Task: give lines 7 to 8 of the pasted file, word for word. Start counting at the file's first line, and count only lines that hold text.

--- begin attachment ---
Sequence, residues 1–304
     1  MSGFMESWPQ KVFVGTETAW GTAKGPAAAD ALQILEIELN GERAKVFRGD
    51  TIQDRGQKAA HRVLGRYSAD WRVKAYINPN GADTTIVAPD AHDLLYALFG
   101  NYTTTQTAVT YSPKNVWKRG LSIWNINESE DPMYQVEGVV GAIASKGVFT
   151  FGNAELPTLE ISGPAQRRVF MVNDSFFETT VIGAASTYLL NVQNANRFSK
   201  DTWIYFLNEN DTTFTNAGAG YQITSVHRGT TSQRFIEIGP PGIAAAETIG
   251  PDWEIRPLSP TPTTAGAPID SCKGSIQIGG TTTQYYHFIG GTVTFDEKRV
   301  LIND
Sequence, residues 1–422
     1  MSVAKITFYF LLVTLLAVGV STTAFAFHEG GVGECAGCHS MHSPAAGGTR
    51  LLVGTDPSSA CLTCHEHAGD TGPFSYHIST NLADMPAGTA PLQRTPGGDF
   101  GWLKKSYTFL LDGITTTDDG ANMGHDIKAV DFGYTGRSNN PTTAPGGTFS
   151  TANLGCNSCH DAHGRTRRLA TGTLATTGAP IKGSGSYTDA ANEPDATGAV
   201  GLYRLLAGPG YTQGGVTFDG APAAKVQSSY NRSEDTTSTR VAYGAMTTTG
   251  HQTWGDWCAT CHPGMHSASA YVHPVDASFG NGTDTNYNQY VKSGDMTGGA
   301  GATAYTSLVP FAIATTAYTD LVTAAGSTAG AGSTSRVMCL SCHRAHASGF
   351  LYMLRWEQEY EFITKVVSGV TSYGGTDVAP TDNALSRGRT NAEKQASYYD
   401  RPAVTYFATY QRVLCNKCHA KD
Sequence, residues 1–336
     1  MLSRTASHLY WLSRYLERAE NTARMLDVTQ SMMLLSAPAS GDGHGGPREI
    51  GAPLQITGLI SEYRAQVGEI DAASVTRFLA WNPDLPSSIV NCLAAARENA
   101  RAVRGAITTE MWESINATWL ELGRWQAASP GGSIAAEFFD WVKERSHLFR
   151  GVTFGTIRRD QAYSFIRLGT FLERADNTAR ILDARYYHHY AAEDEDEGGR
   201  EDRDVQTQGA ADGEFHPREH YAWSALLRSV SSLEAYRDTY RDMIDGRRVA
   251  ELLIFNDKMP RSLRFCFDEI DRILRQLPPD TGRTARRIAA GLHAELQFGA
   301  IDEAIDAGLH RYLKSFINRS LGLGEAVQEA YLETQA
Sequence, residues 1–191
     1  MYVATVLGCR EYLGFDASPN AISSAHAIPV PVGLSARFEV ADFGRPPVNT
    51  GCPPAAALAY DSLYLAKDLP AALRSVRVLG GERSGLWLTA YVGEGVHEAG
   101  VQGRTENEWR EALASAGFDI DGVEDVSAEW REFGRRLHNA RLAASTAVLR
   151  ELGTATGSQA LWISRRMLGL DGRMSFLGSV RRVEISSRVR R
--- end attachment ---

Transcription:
   251  PDWEIRPLSP TPTTAGAPID SCKGSIQIGG TTTQYYHFIG GTVTFDEKRV
   301  LIND